The Nearing Death Experience implies a natural and conscious remerging with the Ground of Being from which we have all once unconsciously emerged. A transformation occurs from the point of terror at the contemplation of the loss of our separate, personal self to a merging into the deep, nurturing, ineffable experience of Unity. 
My experience is that most people who are dying have no conscious desire for transcendence; most of us do not live at the level of depth where such a longing is a conscious priority. And, yet, everyone does seem to enter a transcendent and transformed level of consciousness in the Nearing Death Experience. . . . It is rather profound and encouraging to contemplate these indications that the life and death of a human being is so exquisitely calibrated as to automatically produce union with Spirit.  
Reference:Kathleen Dowling Singh, The Grace in Dying: A Message of Hope, Comfort, and Spiritual Transformation(HarperOne: 2000), 14, 15. (From Richard Rohr 12nov18
The lyric muses that although we get the urge for going — returning, while alive, to the ground of being — we never seem to go.

Friday, November 16, 2018

snow, here

In maximum security prison, of a Thursday, we read and speak of Berry’s poem:

        by Wendell Berry

Again I resume the long
lesson: how small a thing
can be pleasing, how little
in this hard world it takes
to satisfy the mind
and bring it to its rest. 

Within the ongoing havoc
the woods this morning is
almost unnaturally still.
Through stalled air, unshadowed
light, a few leaves fall
of their own weight. 

                            The sky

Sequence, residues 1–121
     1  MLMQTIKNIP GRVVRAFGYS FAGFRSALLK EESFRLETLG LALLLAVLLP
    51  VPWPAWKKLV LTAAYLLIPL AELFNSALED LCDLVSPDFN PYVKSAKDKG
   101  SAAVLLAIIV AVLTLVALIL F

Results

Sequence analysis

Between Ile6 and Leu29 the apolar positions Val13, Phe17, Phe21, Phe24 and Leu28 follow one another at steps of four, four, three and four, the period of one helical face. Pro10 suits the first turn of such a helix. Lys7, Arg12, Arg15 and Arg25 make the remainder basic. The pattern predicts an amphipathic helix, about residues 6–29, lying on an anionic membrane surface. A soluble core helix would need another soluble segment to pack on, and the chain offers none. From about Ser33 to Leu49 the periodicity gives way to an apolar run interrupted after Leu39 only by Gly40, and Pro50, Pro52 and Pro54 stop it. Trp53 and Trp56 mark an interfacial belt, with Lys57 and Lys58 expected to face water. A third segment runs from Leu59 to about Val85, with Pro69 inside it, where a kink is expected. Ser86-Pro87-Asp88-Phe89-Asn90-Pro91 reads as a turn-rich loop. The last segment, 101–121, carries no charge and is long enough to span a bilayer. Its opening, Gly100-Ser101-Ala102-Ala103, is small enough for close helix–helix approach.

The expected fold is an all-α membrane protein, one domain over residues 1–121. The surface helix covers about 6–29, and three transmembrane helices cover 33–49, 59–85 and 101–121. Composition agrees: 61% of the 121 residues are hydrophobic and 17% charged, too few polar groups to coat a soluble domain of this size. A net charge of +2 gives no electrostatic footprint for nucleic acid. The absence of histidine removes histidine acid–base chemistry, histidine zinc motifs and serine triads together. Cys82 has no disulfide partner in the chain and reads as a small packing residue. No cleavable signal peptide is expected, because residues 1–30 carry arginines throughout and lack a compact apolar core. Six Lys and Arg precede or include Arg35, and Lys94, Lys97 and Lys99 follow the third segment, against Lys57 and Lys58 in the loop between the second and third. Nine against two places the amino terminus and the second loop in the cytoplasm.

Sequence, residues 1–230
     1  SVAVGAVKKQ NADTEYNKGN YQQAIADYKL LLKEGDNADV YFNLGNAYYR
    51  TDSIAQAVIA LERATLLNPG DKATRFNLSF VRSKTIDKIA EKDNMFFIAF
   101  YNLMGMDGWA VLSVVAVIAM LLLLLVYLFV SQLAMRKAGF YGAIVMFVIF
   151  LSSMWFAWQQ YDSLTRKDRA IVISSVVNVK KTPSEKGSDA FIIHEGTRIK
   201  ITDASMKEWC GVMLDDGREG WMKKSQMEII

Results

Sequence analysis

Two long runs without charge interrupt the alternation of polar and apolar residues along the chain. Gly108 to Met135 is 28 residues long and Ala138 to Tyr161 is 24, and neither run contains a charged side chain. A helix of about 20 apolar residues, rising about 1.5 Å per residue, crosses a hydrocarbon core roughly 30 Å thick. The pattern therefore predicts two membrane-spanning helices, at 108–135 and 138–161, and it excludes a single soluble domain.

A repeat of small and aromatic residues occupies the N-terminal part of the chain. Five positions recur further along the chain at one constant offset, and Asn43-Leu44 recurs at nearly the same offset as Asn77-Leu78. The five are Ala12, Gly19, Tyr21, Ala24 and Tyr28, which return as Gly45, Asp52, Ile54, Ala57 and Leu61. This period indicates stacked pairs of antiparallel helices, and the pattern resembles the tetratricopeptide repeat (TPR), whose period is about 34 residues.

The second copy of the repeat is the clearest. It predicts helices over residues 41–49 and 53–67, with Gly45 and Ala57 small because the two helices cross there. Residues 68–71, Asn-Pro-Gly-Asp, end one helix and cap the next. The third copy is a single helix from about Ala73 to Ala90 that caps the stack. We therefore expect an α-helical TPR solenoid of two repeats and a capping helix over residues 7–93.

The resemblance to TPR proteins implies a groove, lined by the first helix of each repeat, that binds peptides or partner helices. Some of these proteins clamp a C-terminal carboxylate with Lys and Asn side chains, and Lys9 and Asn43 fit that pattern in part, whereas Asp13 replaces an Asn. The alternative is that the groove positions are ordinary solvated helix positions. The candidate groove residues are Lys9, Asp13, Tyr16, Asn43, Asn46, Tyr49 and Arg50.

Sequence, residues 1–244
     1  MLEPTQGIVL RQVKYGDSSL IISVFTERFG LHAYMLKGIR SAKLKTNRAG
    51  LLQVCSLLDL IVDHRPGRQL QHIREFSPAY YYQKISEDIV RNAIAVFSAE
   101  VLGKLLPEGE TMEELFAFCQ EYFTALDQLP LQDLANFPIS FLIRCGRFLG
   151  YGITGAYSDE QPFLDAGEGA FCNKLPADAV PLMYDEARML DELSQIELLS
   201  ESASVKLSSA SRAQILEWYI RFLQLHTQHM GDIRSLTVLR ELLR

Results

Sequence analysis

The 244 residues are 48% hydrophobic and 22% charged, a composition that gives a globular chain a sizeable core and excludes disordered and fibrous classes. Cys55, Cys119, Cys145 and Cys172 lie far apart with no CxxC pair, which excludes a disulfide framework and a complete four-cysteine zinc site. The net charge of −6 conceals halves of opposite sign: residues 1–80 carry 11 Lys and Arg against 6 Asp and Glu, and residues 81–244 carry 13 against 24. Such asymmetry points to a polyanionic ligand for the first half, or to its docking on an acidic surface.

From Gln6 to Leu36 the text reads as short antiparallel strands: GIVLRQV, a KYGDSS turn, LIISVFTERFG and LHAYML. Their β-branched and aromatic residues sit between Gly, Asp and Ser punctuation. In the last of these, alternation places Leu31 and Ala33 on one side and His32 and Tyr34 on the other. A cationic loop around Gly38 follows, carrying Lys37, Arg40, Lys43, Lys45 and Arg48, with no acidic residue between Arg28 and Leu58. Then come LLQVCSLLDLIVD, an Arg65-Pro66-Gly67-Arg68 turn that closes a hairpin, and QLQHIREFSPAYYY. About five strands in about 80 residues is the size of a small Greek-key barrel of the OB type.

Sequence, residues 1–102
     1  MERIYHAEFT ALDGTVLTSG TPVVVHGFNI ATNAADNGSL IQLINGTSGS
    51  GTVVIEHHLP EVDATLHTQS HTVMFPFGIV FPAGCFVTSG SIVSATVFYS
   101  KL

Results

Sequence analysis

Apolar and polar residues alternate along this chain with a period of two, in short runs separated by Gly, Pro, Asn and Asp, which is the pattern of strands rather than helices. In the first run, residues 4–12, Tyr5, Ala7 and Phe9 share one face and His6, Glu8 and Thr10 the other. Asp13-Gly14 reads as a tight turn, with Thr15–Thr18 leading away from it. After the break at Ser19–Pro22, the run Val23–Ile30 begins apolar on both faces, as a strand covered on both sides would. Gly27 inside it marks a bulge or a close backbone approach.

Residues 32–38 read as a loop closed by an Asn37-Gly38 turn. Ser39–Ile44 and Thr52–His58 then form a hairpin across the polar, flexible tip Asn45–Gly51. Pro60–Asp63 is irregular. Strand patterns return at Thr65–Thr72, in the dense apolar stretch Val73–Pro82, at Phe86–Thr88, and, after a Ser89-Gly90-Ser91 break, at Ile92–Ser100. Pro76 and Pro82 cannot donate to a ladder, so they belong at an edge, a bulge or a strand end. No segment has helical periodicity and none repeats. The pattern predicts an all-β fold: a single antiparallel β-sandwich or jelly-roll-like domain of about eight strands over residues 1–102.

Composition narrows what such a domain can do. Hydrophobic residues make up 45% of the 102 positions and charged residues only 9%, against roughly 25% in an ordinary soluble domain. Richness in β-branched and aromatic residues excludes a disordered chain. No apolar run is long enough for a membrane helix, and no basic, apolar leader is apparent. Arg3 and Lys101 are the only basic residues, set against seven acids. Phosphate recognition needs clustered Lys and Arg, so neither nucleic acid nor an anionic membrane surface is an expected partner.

is gray. It begins in mist
almost at the ground
and rises forever. The trees
rise in silence almost
natural, but not quite,
almost eternal, but
not quite. 

                      What more did I
think I wanted? Here is
what has always been.
Here is what will always
be. Even in me,
the Maker of all this
returns in rest, even
to the slightest of His works,
a yellow leaf slowly
falling, and is pleased.

(“VII" by Wendell Berry from This Day. © Counterpoint Press, 2013) 
Even in me, carrying wood in from barn, the echoes of Schubert’s Ave Maria. I am thinking of the lad who will travel back to Vermont through the storm in a few hours.

I am thinking of the man whose hospice room I left, his family gathered, no longer struggling to say the simplest phrase, nearing his death.

Here is what has always been.

And here is what will always be.

Thursday, November 15, 2018

no, really



no names


what is


no more than this

 From St Joseph’s Abbey blog:
I abandon myself into your hands; do with me what you will. 
Whatever you may do, I thank you: 
I am ready for all, I accept all. 
Let only your will be done in me, and in all your creatures. 
I wish no more than this, O Lord. 
Into your hands I commend my soul; 
I offer it to you 
with all the love of my heart, 
for I love you, Lord, 
and so need to give myself, 
to surrender myself into your hands, 
without reserve, 
and with boundless confidence, 
for you are my Father.
It is 14° degrees outside.

I chant into frigid air at barn door a blessing of name and loving kindness.

I bow to the possibility — the already here and yet to be.

I bring wood in for firebox.

“We are poor passing facts” — wrote Robert Lowell.

We are poor passing facts,
warned by that to give
each figure in the photograph
his living name. 
(—from poem, Epilogue)